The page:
“It certainly breaks with tradition,” said Matthew Sherwood, head of markets research at Perpetual Investment, which manages about $25 billion in Sydney. “It puts a boundary on when minority government will end, which is probably a good thing. Investors might be a bit more optimistic that such an election, regardless of who wins, will mean the end to minority government.”

Gillard has been criticized by the opposition after she reneged on a 2010 election pledge not to introduce a carbon tax and backpedaled last month on a promise to deliver a budget surplus this year as weaker growth and a strong local currency curb tax receipts.

Surging Currency

The government has contended with a local currency that surged 21 percent in the 31 months since Gillard ousted predecessor Kevin Rudd as prime minister. The currency’s longest stretch above parity with the U.S. dollar has made it more difficult for manufacturers to compete and resulted in job losses among workers who form Labor’s traditional support base.

Gillard has overseen a two-speed economy, where mining regions in the north and west boom while manufacturers, retailers and builders in the south and east struggle.

Hiring strength in mining has helped compensate for weakness in other industries. The nation’s unemployment rate, at 5.4 percent, is less than half the euro-area level and lower than the U.S.’s 7.8 percent. Australia’s consumer price index gained 0.2 percent last quarter, half the level forecast by economists, as food and health care costs declined.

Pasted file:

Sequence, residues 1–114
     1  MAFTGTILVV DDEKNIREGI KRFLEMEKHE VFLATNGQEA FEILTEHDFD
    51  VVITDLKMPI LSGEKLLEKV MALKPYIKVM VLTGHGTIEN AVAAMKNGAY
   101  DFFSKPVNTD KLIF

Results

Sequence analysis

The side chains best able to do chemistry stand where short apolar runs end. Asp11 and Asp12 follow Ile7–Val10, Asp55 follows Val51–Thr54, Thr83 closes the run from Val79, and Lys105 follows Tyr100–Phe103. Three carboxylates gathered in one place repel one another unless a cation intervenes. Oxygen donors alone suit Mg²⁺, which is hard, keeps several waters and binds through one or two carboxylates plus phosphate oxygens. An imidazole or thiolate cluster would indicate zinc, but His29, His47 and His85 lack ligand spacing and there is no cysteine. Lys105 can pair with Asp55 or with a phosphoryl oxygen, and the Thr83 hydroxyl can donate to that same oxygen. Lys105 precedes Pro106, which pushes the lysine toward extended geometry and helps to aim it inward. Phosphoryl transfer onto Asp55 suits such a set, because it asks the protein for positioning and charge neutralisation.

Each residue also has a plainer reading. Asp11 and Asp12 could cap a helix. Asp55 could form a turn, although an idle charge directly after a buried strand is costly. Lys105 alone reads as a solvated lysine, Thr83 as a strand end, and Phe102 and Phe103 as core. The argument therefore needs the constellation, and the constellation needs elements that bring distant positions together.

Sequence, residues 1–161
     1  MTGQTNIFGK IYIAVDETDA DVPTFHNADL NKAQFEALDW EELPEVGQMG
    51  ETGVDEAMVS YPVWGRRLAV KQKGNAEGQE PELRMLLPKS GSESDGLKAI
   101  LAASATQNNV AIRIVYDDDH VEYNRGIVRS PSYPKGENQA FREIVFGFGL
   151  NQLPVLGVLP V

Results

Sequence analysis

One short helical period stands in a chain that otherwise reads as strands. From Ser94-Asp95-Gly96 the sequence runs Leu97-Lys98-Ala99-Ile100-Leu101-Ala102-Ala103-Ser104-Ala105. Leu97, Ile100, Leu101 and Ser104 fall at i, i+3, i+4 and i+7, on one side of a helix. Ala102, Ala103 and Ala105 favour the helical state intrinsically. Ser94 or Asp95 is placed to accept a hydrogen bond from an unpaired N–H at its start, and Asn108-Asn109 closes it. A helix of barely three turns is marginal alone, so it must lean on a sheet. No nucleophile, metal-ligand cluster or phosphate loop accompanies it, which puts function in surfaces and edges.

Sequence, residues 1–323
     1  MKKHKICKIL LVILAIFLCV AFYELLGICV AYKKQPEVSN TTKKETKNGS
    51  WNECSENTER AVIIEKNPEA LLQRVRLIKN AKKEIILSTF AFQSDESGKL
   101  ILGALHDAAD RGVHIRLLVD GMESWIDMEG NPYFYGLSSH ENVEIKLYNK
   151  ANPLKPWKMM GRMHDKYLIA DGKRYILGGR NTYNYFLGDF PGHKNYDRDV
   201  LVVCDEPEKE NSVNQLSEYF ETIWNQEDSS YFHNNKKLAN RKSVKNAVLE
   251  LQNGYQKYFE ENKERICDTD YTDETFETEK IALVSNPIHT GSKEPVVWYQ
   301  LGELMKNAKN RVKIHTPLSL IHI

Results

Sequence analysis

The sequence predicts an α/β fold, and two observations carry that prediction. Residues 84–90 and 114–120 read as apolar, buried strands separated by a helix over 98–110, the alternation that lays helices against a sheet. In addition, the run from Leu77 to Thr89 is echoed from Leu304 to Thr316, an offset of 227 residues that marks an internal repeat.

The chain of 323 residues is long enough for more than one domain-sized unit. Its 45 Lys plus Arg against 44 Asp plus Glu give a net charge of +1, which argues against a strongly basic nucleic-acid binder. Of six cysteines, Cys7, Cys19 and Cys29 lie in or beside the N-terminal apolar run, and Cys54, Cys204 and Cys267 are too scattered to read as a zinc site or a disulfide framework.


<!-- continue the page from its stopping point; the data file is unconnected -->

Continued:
Inflation, Unemployment

Contained inflation and low unemployment allowed the central bank to reduce borrowing costs by 1.75 percentage points since Nov. 1, 2011, to a half-century low of 3 percent. Policy makers are aiming to revive industries including housing construction ahead of a plateau in mining investment this year.

“Labor has taken the first move of advantage,” said Andrew Hughes, who conducts political-marketing research at the Australian National University in Canberra and is predicting a narrow win for the coalition. “It’s potentially a masterstroke, but first Gillard has to win back Labor’s market share, which won’t be easy as there’s a lot of disaffected voters who see her as untrustworthy. It’s a long campaign and voters are bound to become disengaged from the parties’ messages.”

Australia is the largest developed economy to enforce compulsory voting, according to the Australian Electoral Commission’s website and International Monetary Fund data. It became mandatory to cast a ballot in federal elections in 1924, according to the AEC, and fines of as much as A$50 may be imposed for non-compliance.

Sportsbet, which describes itself as Australia’s largest online bookmaker by revenue, is offering to return A$1.25 on every A$1 winning bet should the coalition gain power. Labor is the outsider, paying A$3.75.

To contact the reporters on this story: Jason Scott in Canberra at jscott14@bloomberg.net; Michael Heath in Sydney at mheath1@bloomberg.net

To contact the editor responsible for this story: Peter Hirschberg at phirschberg@bloomberg.net